In fact, what they are really saying is, Be as detached and loving and careful with your husband as a therapist would be.
Yeah, good luck with that. It’s a wonderful thought but extremely difficult to accomplish. Some wives, confronted with such high expectations of how they should react to their husband’s history of sex addiction (as well as his current acting out) may decide they are simply not up to the task and walk away. Essentially, this is what happened to me. When at last, years later a couple’s therapist finally said something (therapists seem mute and useless most of the time) she asked me to see if I could separate the addiction from the man. I decided I could not.
No, I told the therapist. Because I am not a therapist. I am a wife. He has been acting out consistently for the past five years even while in recovery. Now, I ask you: have you ever been married to someone who is a sex addict? I am guessing not. Have you ever tried to have an intimate, physical relationship with a sex addict? I am guessing you have not. You tell me to separate the man from the addiction, but he’s all about his addiction. He’s so inside himself he sees nothing but his own concerns and his own addiction and you’ve joined him there. Well, that’s great–for him. But if I were your daughter, would you be telling me to separate the man from the addiction or to get the hell out of what has become an abusive relationship with me being the principle victim?
The therapist had no answer. She may have thought I was just another “difficult wife.” While it is wonderful that therapists are no longer see those with compulsive sex disorders as narcissitic psychopaths but people with an addiction rooted in trauma, I wonder if the necessary swing toward having compassion for the addict has resulted in little compassion of the wife?
Who Really Cares About The Wife, Anyway?
Where was my advocate? Where was my solace? And was there ever going to be any apology, any amends made my way? Not really. For years, my husband said he was sorry for what he had done, but he kept doing it. He rarely made amends for recurring sexual acting out, and never informed me when a “slip” had occurred. He was ashamed, which is not the same as being sorry. Shame is about how he felt, not how he imagined I might feel. There was a blip in the empathy circuitry of his brain. While I couldn’t do something to hurt another person, he could do that very thing, again and again. Let’s say that is an addictive drive, fine. I get it. But afterwards, he was also self-preserving. He minimised what he’d done. He told me I was overreacting. He yelled at me that he was doing the best he could. What did I expect? What on earth? All of this increased my fear and pain and a sense of being unlovable and abandoned.
I knew I was in a bad situation. A notable proportion of women receiving domestic abuse have depression, vague physical complaints, fatigue, anxiety and other symptoms associated with trauma. I experienced similar symptoms, including exhaustion, intrusive thoughts, a strong sense of having had my life hijacked, the inability to concentrate enough to write (I’m a writer by profession), a great deal of anxiety and unease.
As far as getting help, I felt totally stuck. The therapists who did not specialise in sex addiction would tell me the marriage was abusive and to end it (in retrospect, I think they were right in many ways though I discovered the marriage transformed as the addiction lifted). The ones who specialised in sex addiction took the position I had to be a saint, my halo glowing so brightly I might light up a city. They sounded like people who had just come from a training seminar by Patrick Carnes and were now so seduced by the “new-think” on sex addiction they were more interested in indoctrinating her with their dogma than helping the woman in front of them. Meanwhile everyone wanted £100-£250 an hour to give me either their silence or their crappy advice.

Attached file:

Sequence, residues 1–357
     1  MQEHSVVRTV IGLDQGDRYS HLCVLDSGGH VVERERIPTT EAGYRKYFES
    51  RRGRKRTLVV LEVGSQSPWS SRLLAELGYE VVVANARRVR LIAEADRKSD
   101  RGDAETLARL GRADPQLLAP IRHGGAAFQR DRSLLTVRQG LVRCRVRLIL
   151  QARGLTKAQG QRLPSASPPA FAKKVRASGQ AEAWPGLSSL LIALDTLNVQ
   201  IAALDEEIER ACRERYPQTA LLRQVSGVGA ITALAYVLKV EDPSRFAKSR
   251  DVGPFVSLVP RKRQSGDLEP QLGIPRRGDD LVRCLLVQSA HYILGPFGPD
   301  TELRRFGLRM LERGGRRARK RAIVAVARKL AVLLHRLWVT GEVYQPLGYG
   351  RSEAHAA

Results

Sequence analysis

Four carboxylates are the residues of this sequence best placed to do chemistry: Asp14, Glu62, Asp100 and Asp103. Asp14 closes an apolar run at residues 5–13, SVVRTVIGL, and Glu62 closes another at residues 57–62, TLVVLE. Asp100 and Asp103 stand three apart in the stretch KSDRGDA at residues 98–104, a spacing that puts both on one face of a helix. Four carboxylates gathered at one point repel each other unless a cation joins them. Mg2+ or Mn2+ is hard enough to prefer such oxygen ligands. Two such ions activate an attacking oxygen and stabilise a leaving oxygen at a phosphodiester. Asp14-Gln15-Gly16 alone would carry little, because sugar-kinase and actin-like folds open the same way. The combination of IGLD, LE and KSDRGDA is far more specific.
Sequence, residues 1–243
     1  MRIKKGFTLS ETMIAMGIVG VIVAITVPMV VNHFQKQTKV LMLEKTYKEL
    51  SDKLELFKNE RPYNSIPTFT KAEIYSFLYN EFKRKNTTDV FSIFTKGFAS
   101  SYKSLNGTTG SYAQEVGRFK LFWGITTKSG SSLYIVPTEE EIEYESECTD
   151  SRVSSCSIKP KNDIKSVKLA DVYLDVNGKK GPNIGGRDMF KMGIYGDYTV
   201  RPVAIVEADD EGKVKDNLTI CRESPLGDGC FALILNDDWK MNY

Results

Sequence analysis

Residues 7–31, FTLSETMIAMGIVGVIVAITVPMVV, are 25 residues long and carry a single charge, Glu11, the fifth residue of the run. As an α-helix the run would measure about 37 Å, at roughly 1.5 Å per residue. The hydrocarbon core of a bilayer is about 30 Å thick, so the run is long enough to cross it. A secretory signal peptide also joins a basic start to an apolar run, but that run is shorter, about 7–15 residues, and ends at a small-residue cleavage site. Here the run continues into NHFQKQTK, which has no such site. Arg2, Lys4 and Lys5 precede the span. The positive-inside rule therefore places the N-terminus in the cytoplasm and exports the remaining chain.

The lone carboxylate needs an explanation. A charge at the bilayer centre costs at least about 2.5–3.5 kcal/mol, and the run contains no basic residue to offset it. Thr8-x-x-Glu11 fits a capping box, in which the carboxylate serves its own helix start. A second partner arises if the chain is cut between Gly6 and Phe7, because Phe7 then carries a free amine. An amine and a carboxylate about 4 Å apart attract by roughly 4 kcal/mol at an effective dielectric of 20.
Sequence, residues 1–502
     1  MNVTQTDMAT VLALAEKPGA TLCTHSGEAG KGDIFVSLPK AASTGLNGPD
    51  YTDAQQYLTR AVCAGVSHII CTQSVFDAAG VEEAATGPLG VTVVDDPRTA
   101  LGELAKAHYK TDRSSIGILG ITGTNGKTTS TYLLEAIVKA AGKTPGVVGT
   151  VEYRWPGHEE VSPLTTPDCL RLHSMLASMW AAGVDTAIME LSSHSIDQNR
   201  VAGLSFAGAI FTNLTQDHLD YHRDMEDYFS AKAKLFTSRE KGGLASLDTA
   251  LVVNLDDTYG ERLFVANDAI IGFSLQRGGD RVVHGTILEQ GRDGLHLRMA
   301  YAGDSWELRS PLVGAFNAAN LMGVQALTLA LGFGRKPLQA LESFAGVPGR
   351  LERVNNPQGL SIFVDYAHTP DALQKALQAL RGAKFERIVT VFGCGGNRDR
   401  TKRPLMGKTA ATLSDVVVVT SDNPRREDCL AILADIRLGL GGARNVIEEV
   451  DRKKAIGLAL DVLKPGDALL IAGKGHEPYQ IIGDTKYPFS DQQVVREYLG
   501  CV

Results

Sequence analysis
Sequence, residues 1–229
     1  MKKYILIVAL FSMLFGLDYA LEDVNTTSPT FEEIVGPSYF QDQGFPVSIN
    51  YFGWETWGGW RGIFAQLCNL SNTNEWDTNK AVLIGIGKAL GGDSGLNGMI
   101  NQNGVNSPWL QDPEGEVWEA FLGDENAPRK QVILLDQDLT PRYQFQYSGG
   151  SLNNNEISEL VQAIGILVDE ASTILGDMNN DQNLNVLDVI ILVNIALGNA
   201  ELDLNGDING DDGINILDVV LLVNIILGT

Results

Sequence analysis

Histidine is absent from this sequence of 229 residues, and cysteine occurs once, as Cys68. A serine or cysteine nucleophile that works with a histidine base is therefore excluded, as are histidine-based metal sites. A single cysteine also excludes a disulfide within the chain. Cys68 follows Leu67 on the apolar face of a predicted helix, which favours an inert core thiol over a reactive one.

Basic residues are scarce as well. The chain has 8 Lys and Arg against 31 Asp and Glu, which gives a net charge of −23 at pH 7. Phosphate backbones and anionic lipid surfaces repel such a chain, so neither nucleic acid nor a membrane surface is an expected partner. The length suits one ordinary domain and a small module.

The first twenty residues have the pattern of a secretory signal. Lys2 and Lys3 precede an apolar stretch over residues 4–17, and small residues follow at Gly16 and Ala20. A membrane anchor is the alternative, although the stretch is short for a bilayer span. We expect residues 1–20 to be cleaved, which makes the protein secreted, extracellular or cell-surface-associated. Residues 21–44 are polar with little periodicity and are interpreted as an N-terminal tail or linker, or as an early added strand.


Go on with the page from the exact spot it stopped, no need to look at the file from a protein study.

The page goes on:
What Actually Helps Us?
What I needed was my husband to actually recover, to stop acting out so that I could get onto the business of overcoming the trauma I’d been through. What I needed was to quit being robbed by therapists learning far more from me than I was from them. What I needed was a woman like myself, but not me, who knew exactly what I was experiencing and could help get me through it with me being the priority. I didn’t need a set of ideals about how to understand addiction, cope with addiction, understand the root of addiction, the pull of addiction, how to support my spouse through his addiction.
Not that these things are unimportant–they are vital. But therapists should respond to wives in a manner that shows they also understand that the trauma we are undergoing is severe, acute, and often ongoing. After all, therapists are always talking about past traumas–the events triggering addictions and disorders of all types–can they not discern the unfolding of trauma in front of them? Telling us that addicts are victims, that sex addiction is a disease, that our husbands are suffering from childhood trauma, is helpful but not enough. Someone, somewhere, ought to care just a bit more about us.
The kind of support I found useful came from other women in my same situation, but perhaps a few years further along. And it was very rare, indeed. I have a few friends who understand the trauma I’ve gone through, who don’t ask what is wrong with me, but what is wrong with my situation, who don’t expect me to be perfect. They don’t tell me how to manage my husband’s feelings or give me the latest on the delicate psyche of the addict’s brain. These friends allow me my voice and my freedom to express myself. And they have been far more valuable than any therapist I have been to as a client or those whose articles I’ve read on the internet. Indeed, they have been my lifeline.